North Country counties push to vaccinate teens

Jennifer A. Pelton, director of Adult Services at Transitional Living Services in Watertown, is vaccinated Dec. 30 for COVID-19. (Provided photo — Sydney Schaefer, Watertown Daily Times)

While more than 54% of all adults in the North Country have gotten at least the first dose of the COVID-19 vaccine, vaccination rates are a lot lower among teenagers. Only about 20% of eligible teens in the North Country have gotten a dose. County and school officials are trying to overcome obstacles to protecting more young people against the coronavirus.

If you’re a high school senior, Molly Flynn wants you to imagine all the things you’d normally get to do this time of year. “Having proms, having sports, graduations, having a more social, active summer,” says Flynn.

Flynn is a senior public health educator for the Clinton County Health Department. “We’re using those as the incentive to consider getting vaccinations for that age group.”

Not only does the COVID-19 vaccine protect you from the virus, but it also means you don’t have to miss out on everyday school activities.

“If you’re a student that gets exposed at school because someone in your class tested positive,” Flynn says, “if you’re fully vaccinated and feeling healthy and well, you still get to go to school, you still get to go to your sports games, things like that.”

About 25% of teens in Clinton County have gotten at least the first shot, which is slightly higher than the regional average. One of the big hurdles to getting more kids vaccinated is access. A lot of high schoolers can’t drive themselves to clinics and everyone under 18 needs a parent’s consent.

“Permission slips were sent to the school district to distribute to families and then the kids had to provide those slips back at the time that they were coming to the clinic,” Lehman explains. “So they can walk in as long as they have a permission slip.”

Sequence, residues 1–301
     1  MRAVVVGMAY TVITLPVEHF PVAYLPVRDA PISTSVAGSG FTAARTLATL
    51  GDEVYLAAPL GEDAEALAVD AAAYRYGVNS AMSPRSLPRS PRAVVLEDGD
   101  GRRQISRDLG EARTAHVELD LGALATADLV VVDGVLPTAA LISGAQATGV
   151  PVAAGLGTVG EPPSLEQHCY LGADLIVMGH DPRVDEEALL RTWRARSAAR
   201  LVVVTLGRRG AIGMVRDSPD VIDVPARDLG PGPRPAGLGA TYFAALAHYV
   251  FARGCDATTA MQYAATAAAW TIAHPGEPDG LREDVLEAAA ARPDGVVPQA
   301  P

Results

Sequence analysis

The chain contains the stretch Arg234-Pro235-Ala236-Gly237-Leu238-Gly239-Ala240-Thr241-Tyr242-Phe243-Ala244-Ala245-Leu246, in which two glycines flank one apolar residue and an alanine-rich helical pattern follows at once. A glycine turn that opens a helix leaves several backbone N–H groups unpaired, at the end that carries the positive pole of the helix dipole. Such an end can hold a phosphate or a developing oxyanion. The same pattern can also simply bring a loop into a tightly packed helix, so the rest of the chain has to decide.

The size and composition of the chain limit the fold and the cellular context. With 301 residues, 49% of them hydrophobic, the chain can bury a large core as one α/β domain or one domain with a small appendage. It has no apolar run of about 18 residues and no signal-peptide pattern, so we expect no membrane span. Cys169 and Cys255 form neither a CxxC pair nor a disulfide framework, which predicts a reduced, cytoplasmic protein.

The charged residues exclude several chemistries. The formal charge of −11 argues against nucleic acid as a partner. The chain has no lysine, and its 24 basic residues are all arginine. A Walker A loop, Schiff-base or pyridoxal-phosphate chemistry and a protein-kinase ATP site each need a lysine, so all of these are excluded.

Warren County has held vaccine clinics in most of the major school districts like Glens Falls and Queensbury. They’ve also had school clinics in more remote places like Johnsburg and Chestertown. So far, they’ve vaccinated 81 students at those school clinics.

Neighboring Washington County had hoped to do the same, but health officials say parents didn’t show enough interest. To the north in Essex County, school districts like Ticonderoga are waiting to hear back about interest from parents and students. Cynthia Johnston is the superintendent of Ticonderoga schools.

“We’ve had 85% of our employees vaccinated, and I think the comfort level of everyone goes up when more kids are vaccinated,” says Johnston, “so if we can get the next round of population in that case, I think that everybody will feel more calm.”

As vaccination rates have gone up, the number of people testing positive has gone down. But the virus is still spreading here in the North Country, especially among younger people. Last weekend Jefferson County said that more than 90% of its new cases were people under the age of 50.

That same weekend, a cluster of cases was reported at a boarding school in Lake Placid. As of Thursday Essex County said Northwood School had 24 confirmed cases and another 57 people in quarantine.

Young people tend to experience less severe symptoms from COVID-19 but in rare cases, they become seriously ill. Teenagers can also spread the virus to more vulnerable adults.

“It’s my hope that we get this group vaccinated to protect them and protect our county,” said Linda Beers, Director of Public Health for Essex County. As summer vacation approaches, Beers says it’s essential that teenagers who are eligible get vaccinated.

“These are going to be our lifeguards, our kids at the ice cream parlors, kids in the retail stores, kids at the kayaks and the canoes, meeting with lots of folks from out of town, out of state, out of country.”

Beers is working to get the Pfizer vaccine at clinics in Essex County. Pfizer is the only vaccine approved for 16 to 18-year-olds and may soon be approved for kids as young as 12.

And for parents who are hesitant to get their kids vaccinated? Molly Flynn from the Clinton County Health Department says they should talk to their doctors.

“All of the studies are out there. All of the studies have come back that these vaccines are safe, that they’re effective so I’d really encourage them to discuss that with their healthcare provider. They’re a trusted messenger when it comes to health-related information.”

There’s another reason why it’s so important for teens to get vaccinated — health officials say that age group will be key reaching herd immunity, helping all of everyone get back to normal.


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